I was asked to find a formula for $\cos(5x)$ in terms of $\sin(x)$ and $\cos(x)$.

I tried to use the formula $\cos(5x) + i\sin(5x) = (\cos(x)+i\sin(x))^5 $ and what I get is $16i\sin^5(x) - 20i\sin^3(x) + 5i\sin(x) + \cos(x) + 16 \sin^4(x) \cos(x) - 12 \sin^2(x) \cos(x)$

But how do I deal with the $i\sin(5x)$? Because I only can use $\sin(x)$ and $\cos(x)$ to express $\cos(5x)$. Thank you for your help!


Your way is right. But I think it should be

$$(\cos x + i\sin x)^5 = \cos^5 x + 5i\cos^4x\sin x - 10\cos^3x\sin^2 x - 10i\cos^2x\sin^3x + 5\cos x\sin^4x +i\sin^5x$$

So, you have $$\cos 5x = \cos^5x-10\cos^3x\sin^2x+5\cos x\sin^4x$$ $$\sin 5x = \sin^5x-10\cos^2x\sin^3x+5\cos^4 x\sin x$$

  • $\begingroup$ Why all the imaginary units disappeared in the final equality? Is that because cos5x must be a real number so we can assume all the imaginary part equal to 0? $\endgroup$ – Parting Feb 1 '17 at 3:21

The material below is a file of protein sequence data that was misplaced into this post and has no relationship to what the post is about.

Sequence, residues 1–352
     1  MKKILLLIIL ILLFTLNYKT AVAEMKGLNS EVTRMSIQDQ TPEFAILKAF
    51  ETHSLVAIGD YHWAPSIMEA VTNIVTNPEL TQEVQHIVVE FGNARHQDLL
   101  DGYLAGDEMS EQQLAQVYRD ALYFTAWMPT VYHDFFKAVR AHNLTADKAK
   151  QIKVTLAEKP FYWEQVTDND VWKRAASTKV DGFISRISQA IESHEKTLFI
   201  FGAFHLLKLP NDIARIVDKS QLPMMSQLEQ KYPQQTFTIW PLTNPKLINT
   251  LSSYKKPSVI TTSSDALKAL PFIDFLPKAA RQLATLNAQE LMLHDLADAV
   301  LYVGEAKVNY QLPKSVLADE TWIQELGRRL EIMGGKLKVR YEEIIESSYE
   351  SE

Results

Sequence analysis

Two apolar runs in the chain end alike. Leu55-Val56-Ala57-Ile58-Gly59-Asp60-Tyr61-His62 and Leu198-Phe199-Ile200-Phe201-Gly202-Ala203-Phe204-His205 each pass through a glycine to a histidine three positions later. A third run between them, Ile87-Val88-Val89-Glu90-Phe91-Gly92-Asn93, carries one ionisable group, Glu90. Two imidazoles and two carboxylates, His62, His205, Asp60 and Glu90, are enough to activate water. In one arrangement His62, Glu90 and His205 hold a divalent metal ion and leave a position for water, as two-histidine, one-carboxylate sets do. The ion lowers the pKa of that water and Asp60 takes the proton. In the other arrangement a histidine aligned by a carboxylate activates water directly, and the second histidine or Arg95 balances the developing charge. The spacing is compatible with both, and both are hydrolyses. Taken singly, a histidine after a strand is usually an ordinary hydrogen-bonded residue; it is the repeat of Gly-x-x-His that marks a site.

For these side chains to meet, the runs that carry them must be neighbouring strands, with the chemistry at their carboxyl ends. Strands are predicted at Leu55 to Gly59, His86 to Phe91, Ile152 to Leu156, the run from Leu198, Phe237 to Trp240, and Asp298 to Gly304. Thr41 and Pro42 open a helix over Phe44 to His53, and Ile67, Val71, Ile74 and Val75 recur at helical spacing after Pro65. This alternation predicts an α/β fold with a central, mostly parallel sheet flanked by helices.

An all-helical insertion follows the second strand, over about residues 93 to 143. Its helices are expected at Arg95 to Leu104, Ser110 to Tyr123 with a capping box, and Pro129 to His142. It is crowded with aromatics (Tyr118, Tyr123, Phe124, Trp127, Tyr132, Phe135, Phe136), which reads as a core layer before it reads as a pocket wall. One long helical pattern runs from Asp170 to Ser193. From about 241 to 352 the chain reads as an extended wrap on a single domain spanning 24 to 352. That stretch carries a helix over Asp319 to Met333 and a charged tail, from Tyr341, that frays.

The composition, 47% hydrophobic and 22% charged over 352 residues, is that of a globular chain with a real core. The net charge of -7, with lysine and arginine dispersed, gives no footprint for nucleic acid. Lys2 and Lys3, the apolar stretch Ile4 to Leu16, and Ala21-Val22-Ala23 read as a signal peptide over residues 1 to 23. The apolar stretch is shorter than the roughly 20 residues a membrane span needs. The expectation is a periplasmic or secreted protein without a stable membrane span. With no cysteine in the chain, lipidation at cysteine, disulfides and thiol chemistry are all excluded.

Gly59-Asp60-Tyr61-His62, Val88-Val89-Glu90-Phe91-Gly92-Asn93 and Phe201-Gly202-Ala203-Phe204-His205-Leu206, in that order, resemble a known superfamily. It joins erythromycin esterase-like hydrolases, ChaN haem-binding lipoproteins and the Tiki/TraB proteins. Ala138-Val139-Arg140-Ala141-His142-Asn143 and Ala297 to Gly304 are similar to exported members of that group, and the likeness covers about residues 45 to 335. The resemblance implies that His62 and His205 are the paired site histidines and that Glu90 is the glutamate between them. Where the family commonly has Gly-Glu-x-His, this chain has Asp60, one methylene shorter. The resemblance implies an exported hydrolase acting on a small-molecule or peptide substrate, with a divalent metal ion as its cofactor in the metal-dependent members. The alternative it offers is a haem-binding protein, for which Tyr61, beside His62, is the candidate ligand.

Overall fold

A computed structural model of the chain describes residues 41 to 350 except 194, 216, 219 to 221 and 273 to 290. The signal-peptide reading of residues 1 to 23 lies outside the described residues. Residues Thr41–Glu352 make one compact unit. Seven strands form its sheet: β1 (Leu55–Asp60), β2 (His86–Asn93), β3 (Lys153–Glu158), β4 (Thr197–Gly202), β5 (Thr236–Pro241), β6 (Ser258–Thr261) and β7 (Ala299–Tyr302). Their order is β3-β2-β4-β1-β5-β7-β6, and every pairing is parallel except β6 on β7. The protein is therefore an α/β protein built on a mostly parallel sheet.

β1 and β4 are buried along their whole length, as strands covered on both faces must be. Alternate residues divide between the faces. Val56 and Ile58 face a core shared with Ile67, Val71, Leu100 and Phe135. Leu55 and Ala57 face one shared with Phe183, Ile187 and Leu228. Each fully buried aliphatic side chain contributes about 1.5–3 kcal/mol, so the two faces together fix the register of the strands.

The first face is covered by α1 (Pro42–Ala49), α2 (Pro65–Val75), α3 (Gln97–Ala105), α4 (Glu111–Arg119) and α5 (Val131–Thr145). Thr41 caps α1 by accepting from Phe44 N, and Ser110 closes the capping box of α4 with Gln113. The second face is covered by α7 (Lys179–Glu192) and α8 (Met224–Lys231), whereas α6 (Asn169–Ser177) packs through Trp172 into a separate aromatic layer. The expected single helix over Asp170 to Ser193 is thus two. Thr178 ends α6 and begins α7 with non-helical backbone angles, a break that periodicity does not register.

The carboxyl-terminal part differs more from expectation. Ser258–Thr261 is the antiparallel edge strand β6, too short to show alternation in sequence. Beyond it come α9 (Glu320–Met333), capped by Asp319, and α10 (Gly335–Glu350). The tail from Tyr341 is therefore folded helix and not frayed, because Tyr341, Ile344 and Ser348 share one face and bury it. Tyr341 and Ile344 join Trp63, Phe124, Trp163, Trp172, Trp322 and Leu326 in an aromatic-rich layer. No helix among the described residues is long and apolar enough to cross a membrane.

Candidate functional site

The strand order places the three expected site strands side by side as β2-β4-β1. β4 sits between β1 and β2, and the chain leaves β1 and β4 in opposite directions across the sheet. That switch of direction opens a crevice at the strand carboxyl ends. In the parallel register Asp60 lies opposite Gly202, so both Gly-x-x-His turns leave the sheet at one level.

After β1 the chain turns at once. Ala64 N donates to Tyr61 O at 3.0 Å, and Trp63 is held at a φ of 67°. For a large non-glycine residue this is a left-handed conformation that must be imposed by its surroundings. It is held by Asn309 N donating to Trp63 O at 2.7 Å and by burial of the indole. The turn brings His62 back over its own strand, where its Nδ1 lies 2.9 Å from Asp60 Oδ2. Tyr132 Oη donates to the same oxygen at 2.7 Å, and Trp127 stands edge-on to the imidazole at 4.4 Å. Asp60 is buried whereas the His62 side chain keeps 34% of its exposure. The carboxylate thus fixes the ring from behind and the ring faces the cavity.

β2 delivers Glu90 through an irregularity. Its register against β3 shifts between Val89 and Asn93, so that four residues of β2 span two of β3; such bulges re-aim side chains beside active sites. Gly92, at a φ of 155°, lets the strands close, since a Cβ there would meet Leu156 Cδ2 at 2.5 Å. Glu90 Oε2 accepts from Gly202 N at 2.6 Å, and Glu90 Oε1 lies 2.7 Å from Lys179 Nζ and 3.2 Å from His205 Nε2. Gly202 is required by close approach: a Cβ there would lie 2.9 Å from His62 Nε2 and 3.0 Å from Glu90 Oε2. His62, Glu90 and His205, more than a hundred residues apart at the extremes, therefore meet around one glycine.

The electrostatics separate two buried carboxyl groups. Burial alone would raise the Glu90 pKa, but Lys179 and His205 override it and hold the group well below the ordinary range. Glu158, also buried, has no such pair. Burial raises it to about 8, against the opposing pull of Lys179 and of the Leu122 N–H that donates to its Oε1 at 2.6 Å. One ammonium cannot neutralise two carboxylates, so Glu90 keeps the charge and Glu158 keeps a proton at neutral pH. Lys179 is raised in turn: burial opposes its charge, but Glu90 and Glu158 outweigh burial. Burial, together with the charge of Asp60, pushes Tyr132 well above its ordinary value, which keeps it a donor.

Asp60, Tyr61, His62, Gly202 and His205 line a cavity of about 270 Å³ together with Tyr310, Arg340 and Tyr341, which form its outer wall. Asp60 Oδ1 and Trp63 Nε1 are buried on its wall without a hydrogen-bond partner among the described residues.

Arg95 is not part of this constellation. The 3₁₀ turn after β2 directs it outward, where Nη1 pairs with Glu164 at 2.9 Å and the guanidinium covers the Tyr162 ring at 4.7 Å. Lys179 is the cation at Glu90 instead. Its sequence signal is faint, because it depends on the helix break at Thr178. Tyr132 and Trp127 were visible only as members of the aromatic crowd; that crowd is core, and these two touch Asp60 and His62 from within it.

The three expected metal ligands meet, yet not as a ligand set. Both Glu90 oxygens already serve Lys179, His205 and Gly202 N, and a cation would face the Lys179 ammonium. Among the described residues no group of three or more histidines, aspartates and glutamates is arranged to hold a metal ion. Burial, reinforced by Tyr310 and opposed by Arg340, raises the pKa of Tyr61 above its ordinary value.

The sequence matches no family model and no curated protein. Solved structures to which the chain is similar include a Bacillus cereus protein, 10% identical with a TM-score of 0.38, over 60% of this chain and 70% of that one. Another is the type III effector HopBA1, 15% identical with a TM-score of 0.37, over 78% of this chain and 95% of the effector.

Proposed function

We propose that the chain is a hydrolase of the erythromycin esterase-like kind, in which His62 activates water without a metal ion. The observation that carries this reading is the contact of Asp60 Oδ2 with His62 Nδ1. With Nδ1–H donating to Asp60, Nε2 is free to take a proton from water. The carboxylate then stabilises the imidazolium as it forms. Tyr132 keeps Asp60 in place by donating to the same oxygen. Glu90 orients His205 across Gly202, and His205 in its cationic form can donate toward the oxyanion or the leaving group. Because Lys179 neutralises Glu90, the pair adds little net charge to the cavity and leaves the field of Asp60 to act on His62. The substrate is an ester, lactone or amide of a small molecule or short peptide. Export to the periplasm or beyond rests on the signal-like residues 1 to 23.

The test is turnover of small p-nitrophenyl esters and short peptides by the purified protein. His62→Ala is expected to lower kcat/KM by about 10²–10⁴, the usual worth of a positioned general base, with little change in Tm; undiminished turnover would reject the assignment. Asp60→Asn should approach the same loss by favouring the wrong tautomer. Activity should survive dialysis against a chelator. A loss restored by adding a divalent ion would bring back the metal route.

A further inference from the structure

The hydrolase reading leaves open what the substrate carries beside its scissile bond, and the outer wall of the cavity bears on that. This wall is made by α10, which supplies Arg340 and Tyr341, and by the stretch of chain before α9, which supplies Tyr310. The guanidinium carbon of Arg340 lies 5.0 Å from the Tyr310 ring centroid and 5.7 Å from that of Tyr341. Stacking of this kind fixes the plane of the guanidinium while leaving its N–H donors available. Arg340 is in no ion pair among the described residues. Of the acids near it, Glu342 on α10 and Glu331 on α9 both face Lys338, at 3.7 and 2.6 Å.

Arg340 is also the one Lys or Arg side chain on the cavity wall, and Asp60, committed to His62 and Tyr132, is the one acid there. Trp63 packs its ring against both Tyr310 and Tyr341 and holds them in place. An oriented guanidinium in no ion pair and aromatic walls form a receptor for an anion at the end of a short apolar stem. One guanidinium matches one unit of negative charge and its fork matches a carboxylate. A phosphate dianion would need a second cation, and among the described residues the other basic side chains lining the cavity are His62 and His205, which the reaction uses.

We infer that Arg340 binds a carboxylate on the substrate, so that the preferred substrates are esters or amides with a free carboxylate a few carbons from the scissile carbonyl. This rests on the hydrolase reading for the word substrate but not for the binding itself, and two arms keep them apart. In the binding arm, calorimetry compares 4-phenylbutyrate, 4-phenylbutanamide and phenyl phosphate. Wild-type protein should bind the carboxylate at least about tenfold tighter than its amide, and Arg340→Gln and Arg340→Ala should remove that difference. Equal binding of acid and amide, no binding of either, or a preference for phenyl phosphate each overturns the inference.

Hint: $\cos$ and $\sin$ are always real. So you can compare like terms to find what $\cos 5x$ is.

  • $\begingroup$ Every complex equation gives us tow real equation. Real parts of tow sides of equation are equal to each other and imaginary parts also are equal. So in above answer real part is $cos 5x$ and imaginary part is $sin 5x$ $\endgroup$ – Ali Feb 2 '17 at 12:07

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